As we were touring the apartment, Alex noted “Low supplies are here.” I’ve traveled extensively as a diabetic, but it was especially comforting to connect with someone on the road who gets it. I’ve had the privilege to work with some pretty amazing people over the past 15 years at camp. I’ve seen many of them grow up. I do wonder if I’ll have kids of my own one day but I can certainly say I’ve connected with so many grow up over the years.
In many ways, this trip is very serendipitous. We are both in a similar position of reinventing our lives. In the past two years I’ve moved thousands of miles between continents and have done a fair amount of bouncing around the Bay Area. Alex has relocated thousands of miles from the Bay Area to Sweden. We are both experiencing the highs and lows of relocation. We both anticipate what’s ahead.
One thing that really surprised me was that Uddevalla has navigable water all the way to the ocean given how far inland the city is. Because of the seawater, the city definitely has a maritime feel. Our first stop was the Bohusläns Museum. The museum had a fair amount of Swedish history, but what caught my eye was the boat exhibit. Inside the museum Alex noted that Swedish culture values craftsmanship. It was cool to see the the ornate detail on each of the vessels. There was one small, sporty boat that looked like it would be fun to take out on the water.
On an unrelated note, I always smile when I see the dingo as it reminds me of my extended stay in Australia. Honestly, I’m not even sure why it took a picture of the boar.
Alex is a native Swedish speaker so I took the opportunity to swing back into the Apotek (pharmacy) to see if I got the right cream as the rash wasn’t abating. Through a bunch of Swedish I didn’t understand I got the word that I’m being an impatient American. I needed to get the medication more time to work. A day and a half wasn’t going to cut it.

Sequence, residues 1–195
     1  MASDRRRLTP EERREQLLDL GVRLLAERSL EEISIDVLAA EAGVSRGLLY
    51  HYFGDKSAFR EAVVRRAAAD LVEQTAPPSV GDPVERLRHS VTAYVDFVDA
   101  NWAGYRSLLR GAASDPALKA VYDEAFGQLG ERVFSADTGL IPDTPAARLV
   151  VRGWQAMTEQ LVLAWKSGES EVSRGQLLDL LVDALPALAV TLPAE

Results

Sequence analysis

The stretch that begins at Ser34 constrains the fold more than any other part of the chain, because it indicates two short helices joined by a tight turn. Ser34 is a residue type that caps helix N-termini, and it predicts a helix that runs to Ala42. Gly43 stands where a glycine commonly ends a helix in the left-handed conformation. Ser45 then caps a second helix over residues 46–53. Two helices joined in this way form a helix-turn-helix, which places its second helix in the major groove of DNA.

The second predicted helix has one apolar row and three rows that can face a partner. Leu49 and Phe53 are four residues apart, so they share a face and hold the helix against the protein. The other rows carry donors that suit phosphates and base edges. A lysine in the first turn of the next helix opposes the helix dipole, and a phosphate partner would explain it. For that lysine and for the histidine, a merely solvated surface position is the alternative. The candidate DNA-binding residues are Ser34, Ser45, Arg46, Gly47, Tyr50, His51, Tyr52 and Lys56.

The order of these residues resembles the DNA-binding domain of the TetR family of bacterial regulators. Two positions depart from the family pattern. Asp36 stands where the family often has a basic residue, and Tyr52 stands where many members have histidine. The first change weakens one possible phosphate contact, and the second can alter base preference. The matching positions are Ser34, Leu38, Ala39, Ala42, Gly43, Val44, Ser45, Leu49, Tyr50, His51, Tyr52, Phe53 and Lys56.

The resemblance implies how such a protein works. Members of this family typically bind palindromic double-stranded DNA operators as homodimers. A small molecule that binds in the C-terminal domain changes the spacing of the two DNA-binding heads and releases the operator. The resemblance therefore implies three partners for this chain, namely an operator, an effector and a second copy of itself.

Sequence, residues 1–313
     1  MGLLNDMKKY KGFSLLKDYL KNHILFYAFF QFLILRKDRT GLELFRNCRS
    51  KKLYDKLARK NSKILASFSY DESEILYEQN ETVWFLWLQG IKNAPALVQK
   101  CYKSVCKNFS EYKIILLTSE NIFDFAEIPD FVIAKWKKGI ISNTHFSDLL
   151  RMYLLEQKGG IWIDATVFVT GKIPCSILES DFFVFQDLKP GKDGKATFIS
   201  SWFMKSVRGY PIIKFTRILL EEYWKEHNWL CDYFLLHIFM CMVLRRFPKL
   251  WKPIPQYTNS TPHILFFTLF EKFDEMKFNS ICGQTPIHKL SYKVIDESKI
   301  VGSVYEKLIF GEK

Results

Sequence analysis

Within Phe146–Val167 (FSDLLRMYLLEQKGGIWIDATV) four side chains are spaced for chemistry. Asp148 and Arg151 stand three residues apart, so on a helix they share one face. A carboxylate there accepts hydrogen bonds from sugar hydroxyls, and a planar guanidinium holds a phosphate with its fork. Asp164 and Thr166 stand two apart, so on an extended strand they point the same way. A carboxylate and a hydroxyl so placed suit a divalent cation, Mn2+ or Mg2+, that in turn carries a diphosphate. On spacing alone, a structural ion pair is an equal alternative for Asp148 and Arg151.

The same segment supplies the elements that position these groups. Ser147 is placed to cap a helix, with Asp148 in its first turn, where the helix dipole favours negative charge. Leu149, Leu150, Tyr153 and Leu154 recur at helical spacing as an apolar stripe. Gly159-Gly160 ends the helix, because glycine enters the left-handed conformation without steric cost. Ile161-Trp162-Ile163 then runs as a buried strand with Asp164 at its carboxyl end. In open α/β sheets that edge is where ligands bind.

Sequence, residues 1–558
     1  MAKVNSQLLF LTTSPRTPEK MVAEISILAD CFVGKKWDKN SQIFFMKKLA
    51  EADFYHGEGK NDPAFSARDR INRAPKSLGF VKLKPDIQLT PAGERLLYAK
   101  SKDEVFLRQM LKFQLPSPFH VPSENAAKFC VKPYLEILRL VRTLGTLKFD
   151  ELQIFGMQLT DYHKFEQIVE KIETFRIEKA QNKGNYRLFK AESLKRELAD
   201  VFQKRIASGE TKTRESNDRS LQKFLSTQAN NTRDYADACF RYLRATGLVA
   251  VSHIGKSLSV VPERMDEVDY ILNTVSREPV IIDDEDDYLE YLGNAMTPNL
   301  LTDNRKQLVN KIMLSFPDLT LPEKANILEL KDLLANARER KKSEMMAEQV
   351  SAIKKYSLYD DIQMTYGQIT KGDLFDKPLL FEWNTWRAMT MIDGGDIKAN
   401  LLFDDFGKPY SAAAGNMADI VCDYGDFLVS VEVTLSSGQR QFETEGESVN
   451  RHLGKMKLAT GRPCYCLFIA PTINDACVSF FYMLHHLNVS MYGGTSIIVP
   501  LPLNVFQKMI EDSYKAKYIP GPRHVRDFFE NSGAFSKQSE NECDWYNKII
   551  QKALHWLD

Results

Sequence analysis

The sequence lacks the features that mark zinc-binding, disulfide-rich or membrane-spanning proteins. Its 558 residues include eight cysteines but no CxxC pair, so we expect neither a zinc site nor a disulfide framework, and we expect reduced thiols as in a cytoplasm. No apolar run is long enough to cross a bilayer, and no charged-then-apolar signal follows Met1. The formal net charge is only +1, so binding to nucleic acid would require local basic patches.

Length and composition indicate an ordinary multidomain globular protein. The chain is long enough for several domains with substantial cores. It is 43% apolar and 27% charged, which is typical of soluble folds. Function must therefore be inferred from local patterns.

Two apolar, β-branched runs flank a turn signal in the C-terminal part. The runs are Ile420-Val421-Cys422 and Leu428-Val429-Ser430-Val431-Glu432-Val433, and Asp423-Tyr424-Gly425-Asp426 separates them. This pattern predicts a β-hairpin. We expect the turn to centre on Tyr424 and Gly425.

Alex and I walked up to the top of the hill overlooking the city as the sun was beginning to set. Neither of us knew exactly where we were going, we figured up was the right direction. It turns out there is a pretty incredible view all the way at the top. Persistence paid off on that one!
Once we got back to the house, Alex prepared a very traditional Swedish meal: Swedish meatballs, potatoes and sweet potatoes, and peas. It turns out genuine Swedish meatballs are quite different than what you get at the IKEA cafeteria. Likewise, the traditional Swedish style cinnamon bun is nothing like the sweetened malaise available at Cinnabon. We both laughed when I asked what the carbohydrate count was for each part of the meal. Cheers to insulin and carbohydrate ratios.
After dinner we headed back into town to share a drink, reminisce some old memories, and look forward to new experiences ahead. Alex noted how hard it can be to meet Swedish people and I laughed having felt the same way about Californians. It’s just hard being new in a new place fundamentally being outside of the organic community. Time and effort are really the only things that alleviate the temporary loneliness of being in a new place.
At this point in the trip I was really beginning to struggle with jet lag. I’ve never traveled so far away from my home time zone. Australia was only five hours difference (but 19 the other direction). The 10 hour time difference was hard for me to adjust to. Alex suggested some melatonin. One pill later and I was out.
I’m glad I headed east today. It reminded me to continually be open to the world.